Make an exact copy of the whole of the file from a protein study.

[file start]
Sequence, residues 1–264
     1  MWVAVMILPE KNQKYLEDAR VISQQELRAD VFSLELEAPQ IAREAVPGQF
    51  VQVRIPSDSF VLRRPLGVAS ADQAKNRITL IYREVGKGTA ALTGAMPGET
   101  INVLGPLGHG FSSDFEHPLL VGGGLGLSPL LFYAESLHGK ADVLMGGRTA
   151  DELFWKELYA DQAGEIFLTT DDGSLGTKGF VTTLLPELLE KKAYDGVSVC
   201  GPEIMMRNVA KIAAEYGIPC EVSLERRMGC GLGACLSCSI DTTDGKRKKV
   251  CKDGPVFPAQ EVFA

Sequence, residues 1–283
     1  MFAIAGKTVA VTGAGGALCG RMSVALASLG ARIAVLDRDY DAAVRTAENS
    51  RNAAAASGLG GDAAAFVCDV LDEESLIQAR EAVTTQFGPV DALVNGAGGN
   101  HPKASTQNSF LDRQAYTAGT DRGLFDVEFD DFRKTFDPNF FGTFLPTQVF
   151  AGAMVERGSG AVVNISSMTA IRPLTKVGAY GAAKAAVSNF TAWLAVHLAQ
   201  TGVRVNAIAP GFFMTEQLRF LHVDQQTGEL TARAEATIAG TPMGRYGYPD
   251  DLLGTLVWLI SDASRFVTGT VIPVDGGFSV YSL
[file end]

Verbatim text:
Sequence, residues 1–264
     1  MWVAVMILPE KNQKYLEDAR VISQQELRAD VFSLELEAPQ IAREAVPGQF
    51  VQVRIPSDSF VLRRPLGVAS ADQAKNRITL IYREVGKGTA ALTGAMPGET
   101  INVLGPLGHG FSSDFEHPLL VGGGLGLSPL LFYAESLHGK ADVLMGGRTA
   151  DELFWKELYA DQAGEIFLTT DDGSLGTKGF VTTLLPELLE KKAYDGVSVC
   201  GPEIMMRNVA KIAAEYGIPC EVSLERRMGC GLGACLSCSI DTTDGKRKKV
   251  CKDGPVFPAQ EVFA

Sequence, residues 1–283
     1  MFAIAGKTVA VTGAGGALCG RMSVALASLG ARIAVLDRDY DAAVRTAENS
    51  RNAAAASGLG GDAAAFVCDV LDEESLIQAR EAVTTQFGPV DALVNGAGGN
   101  HPKASTQNSF LDRQAYTAGT DRGLFDVEFD DFRKTFDPNF FGTFLPTQVF
   151  AGAMVERGSG AVVNISSMTA IRPLTKVGAY GAAKAAVSNF TAWLAVHLAQ
   201  TGVRVNAIAP GFFMTEQLRF LHVDQQTGEL TARAEATIAG TPMGRYGYPD
   251  DLLGTLVWLI SDASRFVTGT VIPVDGGFSV YSL